07:38

Monica H. Kang
That’s true. 


07:39

Geronimo Carlos
And I just fell in love with the complexity of thinking about the ecosystem of those things. So I did a lot of that while working with startups, working with the Airbnb of this, the Airbnb of that, and then I wanted to apply that mindset, like the private sector skills I built back to social impact, and I thought the best way to impact this system is to work in government. So I ended up working at Nava PBC, which was, like, the best job I’ve ever had. They do digital services consulting for federal and state agencies. So I worked with, like, the Department of Veterans affairs, state of Nebraska, Department of Justice, all the big agencies, and applied my skills there, and they really appreciated my skillset and interaction design. Like, I brought Figma to my last company. 


08:30

Geronimo Carlos
Like, just this design tool that I thought everyone was adopting, but, like, government was a little slower to adopt. 


08:37

Monica H. Kang
Well, Figma, break it down for some of the others who don’t know. What is it? 


08:41

Geronimo Carlos
Figma is a design, a collaborative design tool. Kind of like the Google Docs for designing interfaces, maybe logos, maybe user interfaces. Yeah, because before, it wasn’t a collaborative process. Like, you would design your thing, hand off the file to another person, they would design it, and it was just a difficult process versus, like, designing the same thing at the same time, which was, like, revolutionary in 2016, 2017. So, yeah, I worked in civic tech for a while, but then I knew that I wanted to come back to food tech. I think food tech was always my ultimate goal in food. And then I actually landed my dream job in 2021 to 2022 with a company called Full Harvest, and they were a b two B marketplace for imperfect and surplus produce.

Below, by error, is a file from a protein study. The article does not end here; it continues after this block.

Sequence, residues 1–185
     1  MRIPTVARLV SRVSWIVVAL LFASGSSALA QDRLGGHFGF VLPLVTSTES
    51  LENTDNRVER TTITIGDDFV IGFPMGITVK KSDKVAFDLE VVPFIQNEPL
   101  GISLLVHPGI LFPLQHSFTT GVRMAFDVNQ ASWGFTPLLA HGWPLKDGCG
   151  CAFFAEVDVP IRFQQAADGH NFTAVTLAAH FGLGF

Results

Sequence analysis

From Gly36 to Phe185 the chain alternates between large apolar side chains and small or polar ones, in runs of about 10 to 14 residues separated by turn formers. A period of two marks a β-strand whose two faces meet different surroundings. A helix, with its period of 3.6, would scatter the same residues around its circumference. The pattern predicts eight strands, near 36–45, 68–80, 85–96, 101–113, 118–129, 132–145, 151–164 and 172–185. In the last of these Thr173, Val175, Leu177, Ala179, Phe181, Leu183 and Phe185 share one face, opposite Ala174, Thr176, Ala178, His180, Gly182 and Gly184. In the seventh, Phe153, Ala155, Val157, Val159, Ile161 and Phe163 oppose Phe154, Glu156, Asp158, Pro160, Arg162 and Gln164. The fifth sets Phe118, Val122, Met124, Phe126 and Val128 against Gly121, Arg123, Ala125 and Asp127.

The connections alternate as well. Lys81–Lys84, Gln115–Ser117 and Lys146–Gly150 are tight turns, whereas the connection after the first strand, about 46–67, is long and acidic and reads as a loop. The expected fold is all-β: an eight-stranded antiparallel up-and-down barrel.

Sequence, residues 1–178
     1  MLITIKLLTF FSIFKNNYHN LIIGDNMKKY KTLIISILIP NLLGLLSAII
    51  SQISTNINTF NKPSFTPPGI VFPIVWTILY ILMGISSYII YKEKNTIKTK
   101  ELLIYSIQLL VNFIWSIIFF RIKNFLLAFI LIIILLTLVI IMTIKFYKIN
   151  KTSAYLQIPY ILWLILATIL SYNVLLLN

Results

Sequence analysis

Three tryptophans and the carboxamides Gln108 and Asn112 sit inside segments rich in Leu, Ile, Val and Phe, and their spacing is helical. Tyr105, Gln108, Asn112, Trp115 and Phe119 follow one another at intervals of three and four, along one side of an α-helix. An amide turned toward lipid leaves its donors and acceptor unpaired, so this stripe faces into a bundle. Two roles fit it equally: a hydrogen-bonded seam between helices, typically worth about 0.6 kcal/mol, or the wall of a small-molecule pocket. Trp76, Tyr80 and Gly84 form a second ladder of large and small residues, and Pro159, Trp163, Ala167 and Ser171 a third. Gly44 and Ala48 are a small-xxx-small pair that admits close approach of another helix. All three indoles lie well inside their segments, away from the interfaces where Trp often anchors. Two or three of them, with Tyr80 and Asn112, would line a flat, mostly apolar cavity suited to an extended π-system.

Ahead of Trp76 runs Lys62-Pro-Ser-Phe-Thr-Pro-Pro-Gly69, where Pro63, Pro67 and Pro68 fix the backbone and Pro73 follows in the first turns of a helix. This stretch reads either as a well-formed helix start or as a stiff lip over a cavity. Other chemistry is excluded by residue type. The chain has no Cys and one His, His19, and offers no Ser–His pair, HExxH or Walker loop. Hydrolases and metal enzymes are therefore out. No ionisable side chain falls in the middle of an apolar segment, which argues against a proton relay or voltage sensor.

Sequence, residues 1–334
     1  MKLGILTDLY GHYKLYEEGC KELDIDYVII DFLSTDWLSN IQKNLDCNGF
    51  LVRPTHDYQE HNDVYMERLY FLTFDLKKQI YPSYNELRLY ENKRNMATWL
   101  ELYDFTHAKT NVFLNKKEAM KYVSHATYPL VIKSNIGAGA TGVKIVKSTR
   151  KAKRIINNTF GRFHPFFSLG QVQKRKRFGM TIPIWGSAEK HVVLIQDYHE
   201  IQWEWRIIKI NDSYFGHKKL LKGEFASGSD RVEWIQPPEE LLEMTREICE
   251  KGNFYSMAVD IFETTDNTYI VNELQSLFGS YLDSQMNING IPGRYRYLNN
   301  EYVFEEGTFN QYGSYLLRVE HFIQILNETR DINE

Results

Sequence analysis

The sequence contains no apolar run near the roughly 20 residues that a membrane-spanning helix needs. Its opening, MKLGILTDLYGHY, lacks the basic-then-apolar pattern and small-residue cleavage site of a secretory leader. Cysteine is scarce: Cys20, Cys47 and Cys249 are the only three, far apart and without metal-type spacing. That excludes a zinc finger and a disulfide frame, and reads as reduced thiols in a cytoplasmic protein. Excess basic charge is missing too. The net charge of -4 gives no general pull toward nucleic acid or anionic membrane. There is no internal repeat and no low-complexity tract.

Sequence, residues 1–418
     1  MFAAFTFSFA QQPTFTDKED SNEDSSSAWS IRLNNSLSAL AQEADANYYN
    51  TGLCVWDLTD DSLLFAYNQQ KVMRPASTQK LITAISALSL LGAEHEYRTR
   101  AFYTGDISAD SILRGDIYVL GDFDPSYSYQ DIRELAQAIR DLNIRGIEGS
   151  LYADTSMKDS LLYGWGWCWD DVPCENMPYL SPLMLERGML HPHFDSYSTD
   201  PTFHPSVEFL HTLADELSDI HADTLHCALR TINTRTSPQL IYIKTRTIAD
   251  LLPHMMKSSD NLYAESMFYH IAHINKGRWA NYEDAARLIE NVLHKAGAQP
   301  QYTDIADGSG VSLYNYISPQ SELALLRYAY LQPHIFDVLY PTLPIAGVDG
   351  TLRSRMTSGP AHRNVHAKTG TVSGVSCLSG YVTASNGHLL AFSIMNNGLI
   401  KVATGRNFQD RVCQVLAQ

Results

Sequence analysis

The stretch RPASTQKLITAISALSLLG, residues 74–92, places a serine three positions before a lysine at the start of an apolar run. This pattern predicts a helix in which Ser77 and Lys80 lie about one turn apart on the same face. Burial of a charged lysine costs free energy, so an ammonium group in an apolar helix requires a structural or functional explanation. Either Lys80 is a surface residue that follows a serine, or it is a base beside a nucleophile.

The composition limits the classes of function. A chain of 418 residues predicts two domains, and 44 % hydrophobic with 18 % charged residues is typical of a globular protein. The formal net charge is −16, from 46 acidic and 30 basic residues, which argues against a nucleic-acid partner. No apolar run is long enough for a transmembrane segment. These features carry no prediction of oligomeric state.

09:33

Geronimo Carlos
So just, like, really touching upon my values of addressing climate change, food waste, and creating technology for kind of legacy systems agriculture. So there I became the lead designer at that company, eventually grew my own team, hired three other designers, and kind of got to work on my dream mission and kind of have the position that I’ve always wanted to, like, be a design manager and work on really cool things. But then it’s interesting, like, you. You get to your dream job, and still sometimes you may ask yourself, like, I don’t know if this is it. Like, I don’t know if I want to do this for the next ten years of my life. So that’s when I realized I needed to get back into cooking, because that was, like, calling my name. 


10:22

Geronimo Carlos
But also, when I joined that new job, my grandma passed away. 


10:27

Monica H. Kang
I’m sorry. 


10:28

Geronimo Carlos
Yeah, so that’s, like, one of the biggest things that I’ve kind of always dreaded in my life. 


10:34

Monica H. Kang
Just like, you were never close with your grandparents. 


10:37

Geronimo Carlos